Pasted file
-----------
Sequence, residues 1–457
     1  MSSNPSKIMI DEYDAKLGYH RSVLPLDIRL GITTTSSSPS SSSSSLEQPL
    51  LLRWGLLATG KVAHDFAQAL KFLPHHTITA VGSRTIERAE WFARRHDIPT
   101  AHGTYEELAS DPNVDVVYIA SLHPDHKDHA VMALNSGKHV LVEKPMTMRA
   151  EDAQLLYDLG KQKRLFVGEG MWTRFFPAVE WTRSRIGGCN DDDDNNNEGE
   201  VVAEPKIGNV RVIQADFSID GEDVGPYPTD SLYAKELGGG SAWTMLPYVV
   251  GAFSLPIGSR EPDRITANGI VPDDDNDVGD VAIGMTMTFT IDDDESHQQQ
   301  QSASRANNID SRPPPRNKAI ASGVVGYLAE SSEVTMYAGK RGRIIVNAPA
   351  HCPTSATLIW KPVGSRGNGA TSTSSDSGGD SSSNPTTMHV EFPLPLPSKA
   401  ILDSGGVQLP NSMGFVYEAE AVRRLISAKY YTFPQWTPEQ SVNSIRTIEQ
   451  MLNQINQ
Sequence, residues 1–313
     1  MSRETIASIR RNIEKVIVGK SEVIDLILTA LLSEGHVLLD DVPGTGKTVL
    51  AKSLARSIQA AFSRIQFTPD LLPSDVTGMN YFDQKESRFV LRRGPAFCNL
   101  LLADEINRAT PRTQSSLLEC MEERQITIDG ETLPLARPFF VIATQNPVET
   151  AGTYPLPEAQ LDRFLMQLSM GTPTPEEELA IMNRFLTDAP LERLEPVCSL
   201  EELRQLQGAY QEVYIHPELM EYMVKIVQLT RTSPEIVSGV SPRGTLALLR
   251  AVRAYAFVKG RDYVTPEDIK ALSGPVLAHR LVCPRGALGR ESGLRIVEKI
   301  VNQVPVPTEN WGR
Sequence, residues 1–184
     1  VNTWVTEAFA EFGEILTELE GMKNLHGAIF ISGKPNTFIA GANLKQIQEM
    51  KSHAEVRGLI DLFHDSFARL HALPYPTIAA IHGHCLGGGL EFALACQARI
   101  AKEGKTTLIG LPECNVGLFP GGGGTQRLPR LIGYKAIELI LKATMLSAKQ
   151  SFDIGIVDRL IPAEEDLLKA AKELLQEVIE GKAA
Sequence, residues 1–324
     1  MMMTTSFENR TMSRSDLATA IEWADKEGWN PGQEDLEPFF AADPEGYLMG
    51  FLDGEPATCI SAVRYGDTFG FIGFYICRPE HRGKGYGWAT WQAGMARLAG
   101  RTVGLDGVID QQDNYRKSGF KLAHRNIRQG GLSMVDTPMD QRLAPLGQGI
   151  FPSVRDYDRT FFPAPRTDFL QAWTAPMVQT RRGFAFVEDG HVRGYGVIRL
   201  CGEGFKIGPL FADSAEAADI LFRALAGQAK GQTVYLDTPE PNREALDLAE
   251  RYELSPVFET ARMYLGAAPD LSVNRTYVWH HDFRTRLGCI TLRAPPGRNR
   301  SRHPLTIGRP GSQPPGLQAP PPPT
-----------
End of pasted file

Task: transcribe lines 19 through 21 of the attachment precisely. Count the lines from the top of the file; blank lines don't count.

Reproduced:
   301  VNQVPVPTEN WGR
Sequence, residues 1–184
     1  VNTWVTEAFA EFGEILTELE GMKNLHGAIF ISGKPNTFIA GANLKQIQEM